Alan Jacobs, who readers of this blog (all ten of you) may know from previous references to his excellent blog TextPatterns, has recently released a wonderful book about reading that I simply can’t recommend highly enough. The Pleasures of Reading in an Age of Distraction is just the sort of pithy, sympathetic tract that our times demand — it encourages bibliographic exploration, celebrates chance literary encounters, while offering sincere understanding for the would-be “well-read” among us who fear missing out on an overly massive menu of “great works.”
Those chance literary encounters are the subject of this passage, which I found so delightful and even moving, that I thought I’d share it here.
The cultivation of serendipity is an option for anyone, but for people living in conditions of prosperity and security and informational richness it is something vital. To practice “accidental sagacity” is to recognize that I don’t really know where I am going, even if I like to think I do, or think Google does; that if I know what I am looking for, I do not therefore know what I need; that I am not master of my destiny and captain of my fate; that it is probably a very good thing that I am not master of my destiny and captain of my fate. An accidental sagacity may be the form of wisdom I most need, but am least likely to find without eager pursuit. Moreover, serendipity is the near relation of Whim; each stands against the Plan. Plan once appealed to me, but I have grown to be a natural worshiper of Serendipity and Whim; I can try to serve other gods, but my heart is never in it. I truly think I would rather read an indifferent book on a lark than a fine one according to schedule and plan. And why not? After all, once upon a time we chose none of our reading: it all came to us unbidden, unanticipated, unknown, and from the hand of someone who loved us.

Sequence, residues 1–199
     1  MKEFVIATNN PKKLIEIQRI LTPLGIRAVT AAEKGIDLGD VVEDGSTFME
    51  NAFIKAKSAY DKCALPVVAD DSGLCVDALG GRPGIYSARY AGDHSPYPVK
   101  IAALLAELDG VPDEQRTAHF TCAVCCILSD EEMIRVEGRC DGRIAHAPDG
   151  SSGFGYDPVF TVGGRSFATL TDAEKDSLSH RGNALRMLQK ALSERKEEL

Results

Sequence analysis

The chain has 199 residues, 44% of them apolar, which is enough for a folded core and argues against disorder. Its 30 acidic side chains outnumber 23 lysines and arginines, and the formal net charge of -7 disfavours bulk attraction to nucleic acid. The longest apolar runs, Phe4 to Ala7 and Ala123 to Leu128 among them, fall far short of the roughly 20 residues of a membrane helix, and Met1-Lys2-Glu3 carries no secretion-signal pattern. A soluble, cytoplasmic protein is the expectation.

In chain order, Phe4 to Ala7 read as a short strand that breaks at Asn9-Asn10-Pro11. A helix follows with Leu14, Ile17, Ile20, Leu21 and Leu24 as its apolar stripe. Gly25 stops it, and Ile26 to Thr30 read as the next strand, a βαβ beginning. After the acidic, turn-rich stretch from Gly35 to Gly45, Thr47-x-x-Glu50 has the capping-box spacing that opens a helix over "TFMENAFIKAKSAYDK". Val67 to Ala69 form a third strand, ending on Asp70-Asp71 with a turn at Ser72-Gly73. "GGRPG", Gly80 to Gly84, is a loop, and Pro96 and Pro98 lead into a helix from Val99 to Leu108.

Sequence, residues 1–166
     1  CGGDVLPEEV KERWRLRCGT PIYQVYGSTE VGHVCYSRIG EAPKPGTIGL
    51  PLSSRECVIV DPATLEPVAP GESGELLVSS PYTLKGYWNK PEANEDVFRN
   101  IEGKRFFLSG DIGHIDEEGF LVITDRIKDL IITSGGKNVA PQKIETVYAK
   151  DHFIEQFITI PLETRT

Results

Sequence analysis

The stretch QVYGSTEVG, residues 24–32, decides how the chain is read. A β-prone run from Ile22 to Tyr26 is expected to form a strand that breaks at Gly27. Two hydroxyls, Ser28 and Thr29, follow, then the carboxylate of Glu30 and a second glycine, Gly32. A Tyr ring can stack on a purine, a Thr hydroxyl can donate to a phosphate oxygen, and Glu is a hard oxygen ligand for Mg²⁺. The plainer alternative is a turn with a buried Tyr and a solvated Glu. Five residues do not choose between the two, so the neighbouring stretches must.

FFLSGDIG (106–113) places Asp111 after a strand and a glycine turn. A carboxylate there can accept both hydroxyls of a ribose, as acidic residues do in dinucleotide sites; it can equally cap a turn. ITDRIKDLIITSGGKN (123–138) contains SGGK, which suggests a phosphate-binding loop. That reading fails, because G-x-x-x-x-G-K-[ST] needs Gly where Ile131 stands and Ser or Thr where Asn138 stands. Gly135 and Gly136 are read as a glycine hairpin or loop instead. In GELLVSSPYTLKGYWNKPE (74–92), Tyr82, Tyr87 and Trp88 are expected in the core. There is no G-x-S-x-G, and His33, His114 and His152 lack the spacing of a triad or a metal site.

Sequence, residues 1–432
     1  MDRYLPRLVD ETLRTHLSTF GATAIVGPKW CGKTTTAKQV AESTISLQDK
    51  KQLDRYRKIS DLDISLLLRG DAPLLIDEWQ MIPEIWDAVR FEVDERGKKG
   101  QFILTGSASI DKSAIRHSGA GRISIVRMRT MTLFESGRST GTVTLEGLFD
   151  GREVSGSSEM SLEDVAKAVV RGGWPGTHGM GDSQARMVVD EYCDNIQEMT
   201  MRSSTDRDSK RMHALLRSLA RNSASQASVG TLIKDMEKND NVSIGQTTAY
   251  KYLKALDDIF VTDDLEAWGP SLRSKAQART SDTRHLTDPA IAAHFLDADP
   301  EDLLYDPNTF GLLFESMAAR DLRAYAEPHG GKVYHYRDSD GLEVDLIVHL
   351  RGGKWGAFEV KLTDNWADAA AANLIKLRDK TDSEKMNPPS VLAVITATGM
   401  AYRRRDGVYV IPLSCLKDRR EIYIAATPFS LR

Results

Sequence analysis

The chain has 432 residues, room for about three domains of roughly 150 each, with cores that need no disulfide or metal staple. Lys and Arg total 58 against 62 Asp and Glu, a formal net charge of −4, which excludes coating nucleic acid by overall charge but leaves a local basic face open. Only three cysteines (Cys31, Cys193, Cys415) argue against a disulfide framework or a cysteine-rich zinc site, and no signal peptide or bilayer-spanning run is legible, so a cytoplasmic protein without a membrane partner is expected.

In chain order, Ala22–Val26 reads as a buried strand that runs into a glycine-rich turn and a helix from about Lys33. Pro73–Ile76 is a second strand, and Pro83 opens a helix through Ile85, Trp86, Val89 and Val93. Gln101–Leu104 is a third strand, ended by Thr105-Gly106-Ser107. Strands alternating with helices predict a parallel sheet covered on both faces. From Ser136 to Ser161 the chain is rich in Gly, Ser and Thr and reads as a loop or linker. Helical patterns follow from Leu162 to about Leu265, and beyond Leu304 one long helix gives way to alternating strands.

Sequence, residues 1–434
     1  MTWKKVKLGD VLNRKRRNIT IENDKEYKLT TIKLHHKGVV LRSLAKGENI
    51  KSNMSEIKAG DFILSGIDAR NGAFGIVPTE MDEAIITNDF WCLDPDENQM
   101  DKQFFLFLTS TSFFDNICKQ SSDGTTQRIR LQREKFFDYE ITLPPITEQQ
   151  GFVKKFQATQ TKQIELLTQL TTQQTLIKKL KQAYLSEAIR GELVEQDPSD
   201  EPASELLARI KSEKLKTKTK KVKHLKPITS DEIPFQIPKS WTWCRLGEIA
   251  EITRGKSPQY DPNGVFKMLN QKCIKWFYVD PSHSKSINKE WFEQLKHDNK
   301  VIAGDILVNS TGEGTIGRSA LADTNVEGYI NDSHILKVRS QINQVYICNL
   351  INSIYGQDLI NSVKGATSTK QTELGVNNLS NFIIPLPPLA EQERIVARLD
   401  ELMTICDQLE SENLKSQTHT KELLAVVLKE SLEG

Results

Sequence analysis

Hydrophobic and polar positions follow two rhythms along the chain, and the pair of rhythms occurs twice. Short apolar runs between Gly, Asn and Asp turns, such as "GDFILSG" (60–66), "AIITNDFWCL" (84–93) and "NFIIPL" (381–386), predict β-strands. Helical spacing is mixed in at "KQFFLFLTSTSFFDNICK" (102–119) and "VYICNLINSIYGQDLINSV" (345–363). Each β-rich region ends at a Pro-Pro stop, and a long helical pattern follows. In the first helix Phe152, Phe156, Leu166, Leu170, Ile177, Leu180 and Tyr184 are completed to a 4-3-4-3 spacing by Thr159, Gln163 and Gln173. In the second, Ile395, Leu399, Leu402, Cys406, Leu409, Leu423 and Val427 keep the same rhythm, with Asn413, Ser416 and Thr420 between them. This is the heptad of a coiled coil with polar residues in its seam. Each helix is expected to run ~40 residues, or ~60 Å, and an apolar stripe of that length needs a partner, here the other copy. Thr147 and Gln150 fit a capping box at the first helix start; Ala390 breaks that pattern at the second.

As the daddy of a toddler who absolutely loves to be read to, this strikes a chord. Jacobs reminds us that just as we trusted our parents to bring the world of words to us when we could not yet even speak sentences, so we can, as adults, allow the myriad chaotic forces around us to drop texts in our path, and accept them as they come, rather than worry over the time not spent on things we feel we are “supposed to” read.
Jacobs, incidentally, also confirms my feelings about the benefits of dedicated ereaders such as the Kindle. Particularly at this time in our technological lives when so many other gizmos promise to inundate us with all manner of simultaneous stimuli, Jacobs recognizes that this gizmo can help to cleanse the palate and provide oasis.
… people who know what it is like to be lost in a book, who value that experience, but who have misplaced it … They’re the ones who need help, and want it, and are prepared to receive it. I had become one of those people myself, or was well on my way to it, when I was rescued through the novelty of reading on a Kindle. My hyper-attentive habits were alienating me further and further from the much older and (one would have thought) more firmly established habits of deep attention. I was rapidly becoming a victim of my own mind’s plasticity, until a new technology helped me to remember how to do something that for years had been instinctive, unconscious, natural. I don’t know whether an adult who has never practiced deep attention—who has never seriously read for information or for understanding, or even for delight—can learn how. But I’m confident that anyone who has ever had this facility can recover it: they just have to want that recovery enough to make sacrifices for it, something they will only do if they can vividly recall what that experience was like.
So beyond Jacobs’ excellent prose and insight, perhaps one of the things that recommends this book to me so strongly is validation. I can live with that.